See Food: Why Robots Are Producing More of What You Eat
This article by Natashe Khan for the Wall Street Journal may be of interest to subscribers. Here is a section:
Food manufacturers have been early adopters of new technologies from canning to bread slicers, and vision automation has been used for many years for tasks such as reading bar codes and sorting packaged products. Leaders now are finding the technology valuable because robot eyes outpace the human eye at certain tasks.
For years, Tyson Foods Inc. used sensors to map chicken fillets so they could be cut to the precise specifications required by restaurant customers that need them to cook uniformly. But exposure to the high pressure, high temperature water there kept causing equipment failures.
Now technical improvements, tougher materials and declining prices mean the company can integrate vision technology in facilities including the new $300 million chicken-processing plant in Humboldt, Tenn., said Doug Foreman, who works in technology development at the Springdale, Ark.-based food company. The technology could help optimize the use of each part of the bird, he added.
Robotics, artificial intelligence and computer vision all need to work seamlessly together in order for computers to fulfil the same tasks as humans. Creating systems that work together in such a manner is a time-consuming process but progress has been underway for decades and the breadth of what is now possible has improved considerably.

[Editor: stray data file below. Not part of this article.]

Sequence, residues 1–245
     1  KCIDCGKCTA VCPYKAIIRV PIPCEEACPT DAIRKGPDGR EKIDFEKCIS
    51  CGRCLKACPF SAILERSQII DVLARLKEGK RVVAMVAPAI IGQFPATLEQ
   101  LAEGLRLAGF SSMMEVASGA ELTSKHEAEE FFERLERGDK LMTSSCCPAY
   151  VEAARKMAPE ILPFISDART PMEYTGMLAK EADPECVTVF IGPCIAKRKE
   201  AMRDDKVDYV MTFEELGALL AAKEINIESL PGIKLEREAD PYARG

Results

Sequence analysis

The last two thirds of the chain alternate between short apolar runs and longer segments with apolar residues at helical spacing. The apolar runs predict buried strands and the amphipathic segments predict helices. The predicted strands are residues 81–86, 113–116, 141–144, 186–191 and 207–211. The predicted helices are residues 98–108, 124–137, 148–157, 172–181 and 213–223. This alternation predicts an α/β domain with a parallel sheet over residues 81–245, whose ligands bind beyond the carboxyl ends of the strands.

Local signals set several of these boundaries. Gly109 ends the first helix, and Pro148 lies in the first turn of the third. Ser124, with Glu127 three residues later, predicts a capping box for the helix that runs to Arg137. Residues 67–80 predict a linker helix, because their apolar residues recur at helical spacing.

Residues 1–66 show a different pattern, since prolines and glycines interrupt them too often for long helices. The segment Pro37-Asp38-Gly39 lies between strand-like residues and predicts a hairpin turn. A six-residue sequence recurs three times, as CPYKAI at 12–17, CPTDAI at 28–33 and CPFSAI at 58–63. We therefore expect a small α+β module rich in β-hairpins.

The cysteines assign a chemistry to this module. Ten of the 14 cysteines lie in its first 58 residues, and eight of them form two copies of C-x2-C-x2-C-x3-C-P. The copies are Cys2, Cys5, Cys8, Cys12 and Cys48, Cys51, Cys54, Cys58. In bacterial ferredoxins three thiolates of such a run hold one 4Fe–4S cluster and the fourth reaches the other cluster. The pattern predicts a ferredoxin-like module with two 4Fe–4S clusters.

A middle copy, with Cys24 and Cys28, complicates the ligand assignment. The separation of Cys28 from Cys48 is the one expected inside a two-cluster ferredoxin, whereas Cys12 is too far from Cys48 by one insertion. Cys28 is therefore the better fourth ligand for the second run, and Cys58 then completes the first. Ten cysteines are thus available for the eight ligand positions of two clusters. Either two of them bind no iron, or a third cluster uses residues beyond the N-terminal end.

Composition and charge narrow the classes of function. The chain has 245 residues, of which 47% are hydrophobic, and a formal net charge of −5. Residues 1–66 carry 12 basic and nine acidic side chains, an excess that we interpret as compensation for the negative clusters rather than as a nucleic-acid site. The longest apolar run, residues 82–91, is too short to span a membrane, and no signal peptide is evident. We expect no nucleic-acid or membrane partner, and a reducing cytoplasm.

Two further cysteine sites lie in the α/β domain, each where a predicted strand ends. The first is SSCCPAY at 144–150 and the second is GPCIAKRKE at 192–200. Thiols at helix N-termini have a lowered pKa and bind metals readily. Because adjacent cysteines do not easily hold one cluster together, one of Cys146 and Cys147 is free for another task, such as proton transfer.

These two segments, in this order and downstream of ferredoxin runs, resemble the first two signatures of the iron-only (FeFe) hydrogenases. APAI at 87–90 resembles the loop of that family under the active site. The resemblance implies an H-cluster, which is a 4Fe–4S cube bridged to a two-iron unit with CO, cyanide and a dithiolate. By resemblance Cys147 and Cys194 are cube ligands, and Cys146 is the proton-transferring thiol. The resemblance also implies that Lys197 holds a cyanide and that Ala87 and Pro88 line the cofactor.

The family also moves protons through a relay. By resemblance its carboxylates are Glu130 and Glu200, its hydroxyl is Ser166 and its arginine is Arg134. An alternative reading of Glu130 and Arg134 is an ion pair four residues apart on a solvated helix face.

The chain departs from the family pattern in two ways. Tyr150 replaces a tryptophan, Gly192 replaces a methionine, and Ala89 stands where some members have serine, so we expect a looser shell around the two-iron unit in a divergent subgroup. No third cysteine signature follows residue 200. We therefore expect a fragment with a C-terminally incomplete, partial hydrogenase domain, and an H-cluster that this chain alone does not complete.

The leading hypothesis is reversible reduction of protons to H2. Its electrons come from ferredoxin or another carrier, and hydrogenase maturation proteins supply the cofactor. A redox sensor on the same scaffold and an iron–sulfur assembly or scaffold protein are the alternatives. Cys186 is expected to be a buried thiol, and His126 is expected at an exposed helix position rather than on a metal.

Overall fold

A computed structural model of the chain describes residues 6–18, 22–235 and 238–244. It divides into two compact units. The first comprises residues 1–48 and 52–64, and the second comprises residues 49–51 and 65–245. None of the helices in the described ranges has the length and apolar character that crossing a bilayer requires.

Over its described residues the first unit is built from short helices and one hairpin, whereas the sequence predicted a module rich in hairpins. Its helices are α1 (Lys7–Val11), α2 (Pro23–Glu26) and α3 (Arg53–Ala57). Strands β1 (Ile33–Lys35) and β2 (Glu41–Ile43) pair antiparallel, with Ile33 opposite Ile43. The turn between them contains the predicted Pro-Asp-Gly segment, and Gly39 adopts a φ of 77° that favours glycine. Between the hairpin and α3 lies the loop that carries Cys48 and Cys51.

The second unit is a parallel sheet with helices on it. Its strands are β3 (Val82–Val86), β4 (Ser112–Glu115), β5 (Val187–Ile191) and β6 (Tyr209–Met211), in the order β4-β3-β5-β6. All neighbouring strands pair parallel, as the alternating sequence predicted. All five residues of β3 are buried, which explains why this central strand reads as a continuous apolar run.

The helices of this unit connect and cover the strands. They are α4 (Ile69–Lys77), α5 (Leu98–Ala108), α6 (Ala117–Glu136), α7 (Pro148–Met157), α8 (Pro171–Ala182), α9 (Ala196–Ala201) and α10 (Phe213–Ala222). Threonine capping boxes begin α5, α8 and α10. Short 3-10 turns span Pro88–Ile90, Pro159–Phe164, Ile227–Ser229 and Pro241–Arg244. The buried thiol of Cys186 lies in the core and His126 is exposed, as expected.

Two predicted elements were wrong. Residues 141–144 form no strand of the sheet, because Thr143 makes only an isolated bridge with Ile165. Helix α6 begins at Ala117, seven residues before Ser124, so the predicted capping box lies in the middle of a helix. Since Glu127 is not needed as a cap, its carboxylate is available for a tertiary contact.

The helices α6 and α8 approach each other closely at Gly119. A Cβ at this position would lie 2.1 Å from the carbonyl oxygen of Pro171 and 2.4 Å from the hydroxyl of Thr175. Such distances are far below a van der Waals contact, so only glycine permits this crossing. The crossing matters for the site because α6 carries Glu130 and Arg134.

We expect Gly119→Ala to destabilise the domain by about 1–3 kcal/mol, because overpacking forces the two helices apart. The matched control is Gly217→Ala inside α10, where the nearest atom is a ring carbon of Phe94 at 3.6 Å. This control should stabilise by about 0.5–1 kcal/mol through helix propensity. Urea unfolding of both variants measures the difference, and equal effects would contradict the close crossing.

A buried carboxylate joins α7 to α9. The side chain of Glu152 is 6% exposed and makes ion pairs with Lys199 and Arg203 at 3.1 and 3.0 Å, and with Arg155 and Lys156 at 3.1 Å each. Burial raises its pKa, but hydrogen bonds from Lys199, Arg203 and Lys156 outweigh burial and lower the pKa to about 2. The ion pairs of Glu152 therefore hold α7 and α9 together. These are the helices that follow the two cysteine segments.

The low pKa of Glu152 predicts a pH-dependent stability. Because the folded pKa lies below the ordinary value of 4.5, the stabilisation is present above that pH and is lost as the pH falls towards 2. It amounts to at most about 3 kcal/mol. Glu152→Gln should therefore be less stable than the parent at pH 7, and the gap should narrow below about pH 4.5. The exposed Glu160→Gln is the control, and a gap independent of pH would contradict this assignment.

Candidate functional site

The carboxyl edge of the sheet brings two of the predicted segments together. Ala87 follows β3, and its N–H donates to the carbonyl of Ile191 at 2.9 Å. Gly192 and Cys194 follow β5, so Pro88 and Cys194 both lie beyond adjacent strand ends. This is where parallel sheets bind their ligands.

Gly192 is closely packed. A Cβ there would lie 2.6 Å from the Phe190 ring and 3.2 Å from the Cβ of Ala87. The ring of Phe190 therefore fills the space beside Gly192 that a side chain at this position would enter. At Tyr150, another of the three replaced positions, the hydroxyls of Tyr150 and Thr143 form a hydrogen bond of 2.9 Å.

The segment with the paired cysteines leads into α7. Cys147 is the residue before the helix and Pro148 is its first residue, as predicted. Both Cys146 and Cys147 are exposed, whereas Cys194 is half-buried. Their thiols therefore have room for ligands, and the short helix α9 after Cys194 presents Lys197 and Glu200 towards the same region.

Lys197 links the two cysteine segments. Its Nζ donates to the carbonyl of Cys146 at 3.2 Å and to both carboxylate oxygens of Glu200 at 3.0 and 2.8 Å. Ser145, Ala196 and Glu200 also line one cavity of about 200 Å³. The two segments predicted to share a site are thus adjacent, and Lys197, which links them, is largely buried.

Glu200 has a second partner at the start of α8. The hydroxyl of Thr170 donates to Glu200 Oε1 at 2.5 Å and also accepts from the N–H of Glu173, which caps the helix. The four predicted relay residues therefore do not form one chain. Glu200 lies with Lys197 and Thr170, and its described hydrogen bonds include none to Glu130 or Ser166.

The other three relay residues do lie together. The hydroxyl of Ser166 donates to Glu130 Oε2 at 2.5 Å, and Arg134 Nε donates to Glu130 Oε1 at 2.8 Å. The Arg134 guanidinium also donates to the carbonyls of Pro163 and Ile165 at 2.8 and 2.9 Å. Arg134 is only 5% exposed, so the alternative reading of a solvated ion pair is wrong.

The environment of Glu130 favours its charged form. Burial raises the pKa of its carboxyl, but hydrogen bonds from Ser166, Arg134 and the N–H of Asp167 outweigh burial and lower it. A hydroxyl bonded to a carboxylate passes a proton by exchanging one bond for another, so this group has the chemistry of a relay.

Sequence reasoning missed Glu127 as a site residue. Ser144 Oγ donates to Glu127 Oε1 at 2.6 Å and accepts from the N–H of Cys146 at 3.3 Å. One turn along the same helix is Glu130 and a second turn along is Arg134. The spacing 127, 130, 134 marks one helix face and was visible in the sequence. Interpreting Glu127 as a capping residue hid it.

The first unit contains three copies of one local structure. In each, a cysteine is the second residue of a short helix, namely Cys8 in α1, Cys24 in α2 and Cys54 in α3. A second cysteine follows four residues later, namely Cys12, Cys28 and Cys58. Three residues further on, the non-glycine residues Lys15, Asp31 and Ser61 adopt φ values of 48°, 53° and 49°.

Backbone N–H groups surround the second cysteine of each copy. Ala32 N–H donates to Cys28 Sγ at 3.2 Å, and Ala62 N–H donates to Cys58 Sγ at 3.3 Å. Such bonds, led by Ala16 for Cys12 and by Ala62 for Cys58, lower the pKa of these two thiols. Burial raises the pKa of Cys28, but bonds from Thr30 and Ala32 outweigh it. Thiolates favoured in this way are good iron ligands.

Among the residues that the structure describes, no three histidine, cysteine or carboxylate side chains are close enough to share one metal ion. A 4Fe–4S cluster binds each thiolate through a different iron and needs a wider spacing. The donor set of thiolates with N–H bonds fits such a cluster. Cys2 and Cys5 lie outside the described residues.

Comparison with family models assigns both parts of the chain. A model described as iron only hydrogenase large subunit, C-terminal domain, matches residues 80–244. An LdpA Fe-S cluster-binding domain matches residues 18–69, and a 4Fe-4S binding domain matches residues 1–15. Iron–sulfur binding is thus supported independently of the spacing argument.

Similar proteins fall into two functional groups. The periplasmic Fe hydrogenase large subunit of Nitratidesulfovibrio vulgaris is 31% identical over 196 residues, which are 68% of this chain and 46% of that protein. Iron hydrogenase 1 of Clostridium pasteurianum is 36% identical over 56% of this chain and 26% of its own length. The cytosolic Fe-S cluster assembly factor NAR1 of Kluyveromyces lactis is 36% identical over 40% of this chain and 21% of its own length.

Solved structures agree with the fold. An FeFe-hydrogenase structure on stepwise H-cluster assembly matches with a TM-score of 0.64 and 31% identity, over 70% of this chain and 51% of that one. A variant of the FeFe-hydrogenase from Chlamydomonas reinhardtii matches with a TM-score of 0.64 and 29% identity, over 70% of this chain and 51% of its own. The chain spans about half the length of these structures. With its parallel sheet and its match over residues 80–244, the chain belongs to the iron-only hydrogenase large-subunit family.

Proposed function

I’ve spoken previously about the challenge the automation of manufacturing is likely to have for emerging markets because the basic low-end manufacturing that have historically represented the first rung of development for developing economies are now being automated. When labour costs are no longer the key arbiter for profitability then the requirement to constantly chase low costs around the world is reduced.
This article by Kai-Fu Lee which appeared in Bloomberg may also be of interest. Here is a section:
Artificial intelligence is dramatically accelerating the automation of factories and taking over routine tasks such as customer service or telemarketing. AI does such jobs cheaper than the low-wage workers of the developing world and, over time, will do them better. Robots examining your iPhone for scratches don’t take vacations for Chinese New Year; AI customer-service agents don’t demand pay raises.
Without a cost incentive to locate in the developing world, corporations will bring many of these functions back to the countries where they’re based. That will leave emerging economies, unable to grasp the bottom rungs of the development ladder, in a dangerous position: The large pool of young and relatively unskilled workers that once formed their greatest comparative advantage will become a liability — a potentially explosive one.
Among the companies mentioned in the above WSJ article focusing on computer vision Keyence performed spectacularly well in 2016 and 2017 but has since lost uptrend consistency. It needs to push back above the trend mean in order to demonstrate a return to demand dominance beyond short-term steadying.
Omron has been trending lower all year and despite a widening overextension relative to the trend mean, a break in the sequence of lower rally highs will be required to check momentum.
Cognex hit a medium-term peak in December and trended lower until May. It posted a clear upward dynamic in august to break the downtrend and continues to rebound.